The question of how to make wedding decisions with ease is without a doubt one of the more challenging aspects of wedding planning. With endless influence from friends, family, and social media, wedding indecisiveness is inevitable as you try to navigate your way through a sea of opinions.
Let’s look at why making wedding decisions is so hard and how you can move from decision overwhelm to place of calm and confidence.
Why You Can’t Make Wedding Decisions
Whether you begin with a perfectly clear vision of what your wedding will look like or not, the combination of peer pressure and social influence can make it difficult to decipher which wedding ideas are really yours, and which you’ve been coerced into.
You’re trying to keep the people around you happy, trying to follow what’s expected of you, and also just trying to figure out which are the things that you actually care about all whilst having no prior wedding planning experience.
This can make the decision to commit to anything paralysing.
Do Weddings Have Rules?
The idea of wedding etiquette and traditions can make it especially difficult to make decisions. You may be looking at some of those items on your wedding planning checklist thinking you don’t really care for them, but then the pressures of wanting to adhere to “proper wedding etiquette” makes it feel like you don’t have a choice.
In my years working as a wedding planner I often heard questions like:
Do we have to have a wedding cake?
Do we really need to do a first dance?
Should we invite our co-workers?
And the answer I always had to them was, big surprise, “No.”
The truth is you don’t have to do anything that you don’t want to when it comes to your wedding.
Sadly, saying “No” to wedding traditions and the expectations of others isn’t as easy as it sounds.
It’s challenging to commit to a decision that goes against every wedding experience you have had so far. We’re so accustomed to expecting weddings to have moments like a first dance and cake cutting ceremony, that we believe they must be a mandatory part of any wedding day.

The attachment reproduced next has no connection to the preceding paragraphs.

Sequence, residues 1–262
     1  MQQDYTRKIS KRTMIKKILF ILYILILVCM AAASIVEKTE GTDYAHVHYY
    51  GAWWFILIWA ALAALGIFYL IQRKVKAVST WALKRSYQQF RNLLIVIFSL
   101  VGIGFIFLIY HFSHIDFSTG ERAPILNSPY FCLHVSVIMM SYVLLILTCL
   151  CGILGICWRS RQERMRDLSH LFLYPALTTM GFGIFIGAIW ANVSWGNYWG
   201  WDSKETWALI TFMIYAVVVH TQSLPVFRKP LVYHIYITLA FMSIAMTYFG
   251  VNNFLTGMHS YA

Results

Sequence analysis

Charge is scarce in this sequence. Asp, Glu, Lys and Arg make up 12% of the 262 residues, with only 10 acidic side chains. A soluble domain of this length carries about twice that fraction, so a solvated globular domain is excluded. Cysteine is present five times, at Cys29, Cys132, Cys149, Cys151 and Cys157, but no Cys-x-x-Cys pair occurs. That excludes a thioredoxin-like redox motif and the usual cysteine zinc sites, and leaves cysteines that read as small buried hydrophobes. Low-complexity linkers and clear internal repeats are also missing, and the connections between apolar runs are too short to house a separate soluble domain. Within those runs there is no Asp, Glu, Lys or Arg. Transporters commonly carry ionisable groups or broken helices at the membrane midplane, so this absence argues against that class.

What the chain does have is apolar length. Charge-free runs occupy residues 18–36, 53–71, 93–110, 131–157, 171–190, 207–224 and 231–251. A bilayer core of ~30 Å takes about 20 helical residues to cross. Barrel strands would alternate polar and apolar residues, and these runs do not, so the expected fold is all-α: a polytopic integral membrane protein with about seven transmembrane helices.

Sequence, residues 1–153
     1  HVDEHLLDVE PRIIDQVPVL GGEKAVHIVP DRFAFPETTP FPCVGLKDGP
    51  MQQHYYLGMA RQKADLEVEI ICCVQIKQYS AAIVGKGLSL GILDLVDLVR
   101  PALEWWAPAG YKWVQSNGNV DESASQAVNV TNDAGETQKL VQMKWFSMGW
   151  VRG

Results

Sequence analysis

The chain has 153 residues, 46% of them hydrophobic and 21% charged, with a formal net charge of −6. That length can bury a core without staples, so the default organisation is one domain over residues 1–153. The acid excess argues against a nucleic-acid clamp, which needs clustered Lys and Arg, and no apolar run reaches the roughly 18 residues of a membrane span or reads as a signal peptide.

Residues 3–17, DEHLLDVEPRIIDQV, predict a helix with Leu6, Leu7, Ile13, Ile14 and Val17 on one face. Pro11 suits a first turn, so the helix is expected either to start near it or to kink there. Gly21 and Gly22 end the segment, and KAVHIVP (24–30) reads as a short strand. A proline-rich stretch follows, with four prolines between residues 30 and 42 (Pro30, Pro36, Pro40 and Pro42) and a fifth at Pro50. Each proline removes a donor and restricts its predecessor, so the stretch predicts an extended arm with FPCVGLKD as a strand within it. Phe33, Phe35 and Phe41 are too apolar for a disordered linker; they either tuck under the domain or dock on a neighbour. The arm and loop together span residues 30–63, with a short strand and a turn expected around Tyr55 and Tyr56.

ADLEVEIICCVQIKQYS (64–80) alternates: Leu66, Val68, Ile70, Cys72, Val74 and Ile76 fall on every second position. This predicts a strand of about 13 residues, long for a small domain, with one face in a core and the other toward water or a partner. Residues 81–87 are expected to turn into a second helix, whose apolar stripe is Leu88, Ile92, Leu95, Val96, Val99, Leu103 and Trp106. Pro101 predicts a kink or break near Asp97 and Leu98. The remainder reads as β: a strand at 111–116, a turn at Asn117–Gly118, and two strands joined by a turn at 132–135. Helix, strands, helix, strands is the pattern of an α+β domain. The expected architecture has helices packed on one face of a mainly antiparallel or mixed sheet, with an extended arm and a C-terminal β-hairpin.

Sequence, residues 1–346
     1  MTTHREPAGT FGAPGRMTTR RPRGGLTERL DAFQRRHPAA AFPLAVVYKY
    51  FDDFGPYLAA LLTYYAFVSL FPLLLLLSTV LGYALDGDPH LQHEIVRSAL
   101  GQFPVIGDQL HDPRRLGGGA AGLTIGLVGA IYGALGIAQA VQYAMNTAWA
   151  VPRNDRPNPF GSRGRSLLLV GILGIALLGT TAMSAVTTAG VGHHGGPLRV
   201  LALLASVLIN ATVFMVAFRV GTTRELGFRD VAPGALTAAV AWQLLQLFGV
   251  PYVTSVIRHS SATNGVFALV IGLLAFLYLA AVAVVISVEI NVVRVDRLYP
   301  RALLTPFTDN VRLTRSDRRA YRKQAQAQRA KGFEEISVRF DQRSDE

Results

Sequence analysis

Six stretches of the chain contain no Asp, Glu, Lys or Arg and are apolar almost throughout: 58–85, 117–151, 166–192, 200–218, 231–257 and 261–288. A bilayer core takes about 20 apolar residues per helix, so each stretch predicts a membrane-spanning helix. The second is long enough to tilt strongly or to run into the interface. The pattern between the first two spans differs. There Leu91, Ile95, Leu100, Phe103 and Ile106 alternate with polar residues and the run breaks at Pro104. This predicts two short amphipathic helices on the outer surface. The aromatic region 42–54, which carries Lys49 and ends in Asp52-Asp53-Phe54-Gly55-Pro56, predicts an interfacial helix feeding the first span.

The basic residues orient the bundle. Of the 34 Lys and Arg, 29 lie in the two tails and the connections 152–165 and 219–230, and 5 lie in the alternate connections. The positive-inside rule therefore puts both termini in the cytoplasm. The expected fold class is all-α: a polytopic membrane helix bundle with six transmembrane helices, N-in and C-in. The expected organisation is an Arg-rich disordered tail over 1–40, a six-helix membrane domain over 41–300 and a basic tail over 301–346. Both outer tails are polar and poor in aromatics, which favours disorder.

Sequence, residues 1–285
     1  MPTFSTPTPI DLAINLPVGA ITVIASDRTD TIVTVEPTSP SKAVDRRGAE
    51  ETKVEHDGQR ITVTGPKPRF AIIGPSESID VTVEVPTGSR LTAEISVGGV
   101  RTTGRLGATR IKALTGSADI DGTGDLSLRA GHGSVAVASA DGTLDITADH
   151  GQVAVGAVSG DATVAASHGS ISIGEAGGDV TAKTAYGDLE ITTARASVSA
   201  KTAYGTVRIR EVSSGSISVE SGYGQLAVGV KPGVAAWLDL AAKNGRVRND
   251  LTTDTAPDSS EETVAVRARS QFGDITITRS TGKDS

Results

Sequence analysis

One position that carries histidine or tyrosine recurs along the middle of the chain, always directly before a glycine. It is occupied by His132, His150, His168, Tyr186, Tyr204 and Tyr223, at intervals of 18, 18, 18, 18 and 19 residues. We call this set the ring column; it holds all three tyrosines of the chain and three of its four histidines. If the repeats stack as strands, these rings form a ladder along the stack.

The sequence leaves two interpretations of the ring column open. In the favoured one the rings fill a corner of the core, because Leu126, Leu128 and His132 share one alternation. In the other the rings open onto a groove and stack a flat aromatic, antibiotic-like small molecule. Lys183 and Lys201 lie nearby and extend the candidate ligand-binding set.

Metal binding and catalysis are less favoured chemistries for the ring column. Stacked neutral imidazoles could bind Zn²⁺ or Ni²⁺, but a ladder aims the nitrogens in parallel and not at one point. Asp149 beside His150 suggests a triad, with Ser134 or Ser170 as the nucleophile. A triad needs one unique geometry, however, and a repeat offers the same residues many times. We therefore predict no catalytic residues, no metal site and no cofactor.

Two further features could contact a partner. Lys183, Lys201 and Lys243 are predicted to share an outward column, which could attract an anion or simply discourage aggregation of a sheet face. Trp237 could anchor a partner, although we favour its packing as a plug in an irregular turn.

But let me assure you, this isn’t true — you’re allowed to include or exclude any wedding traditions you wish.
How to Make Wedding Decisions with Ease
If you find yourself struggling to make wedding decisions here are four questions you can ask yourselves to ensure that every decision is made with intention, not out of influence.
1. Does it align with our purpose and vision?
When you are clear on the purpose of your wedding you can quickly recognise which elements are important to you and which are more likely a cade of wedding FOMO and peer pressure.
If you haven’t already, take some time to define your wedding purpose and you’ll find that decision making gets a whole lot easier.
2. Does it fit with your wedding budget?
Will it fit comfortably within your wedding budget?
Does including it mean missing out on another aspect of your wedding that is more important to you?
Does the monetary value of this item seem worth it?
I never recommend going into debt for your wedding, so if adding this item means adding it to a credit card balance you can’t pay off immediately, it’s not worth it.
Setting a budget for your wedding isn’t just about deciding how much money you can spend though. It’s important to also think about the monetary value of your wedding items. Just because your budget can afford $3,000 of flowers doesn’t mean they hold that same value when compared to other items that money could be spent on.
3. Does it affect your “wedding experience”?
The experience of your wedding is the way in which your guests experience your wedding’s purpose.
It’s easy to get carried away with details that really won’t make any difference to your, or your guests’, enjoyment of the wedding.
Will those adorable wedding favours affect how much fun they have on the day? Do those napkins that perfectly match your tablecloths help your guests acknowledge the intention of community you hope to bring to your wedding?
4. How does it make you feel?
Or in other words, do you want to do it?
When it comes to things like a first dance you may feel awkward or absolutely terrified by the thought. Maybe you don’t want to stay apart the night before the wedding, or maybe you don’t want to have a bridal party standing with you at your wedding ceremony.
If you simply don’t want to do something, then don’t!
If your answer to the question “Do we want to do it?” is not a definitive yes or no, like “No, but we feel like we should to keep xy person happy” then go with No. Your wedding is not an exercise for appeasing social norms, it is an opportunity to create new traditions based on what’s important to you.
So forget what people are telling you, or what you’ve seen before. Wedding decisions are best made when not under the influence of others.
Download my free Wedding Planning Un Checklist now and get crystal clear on what you really want for your wedding.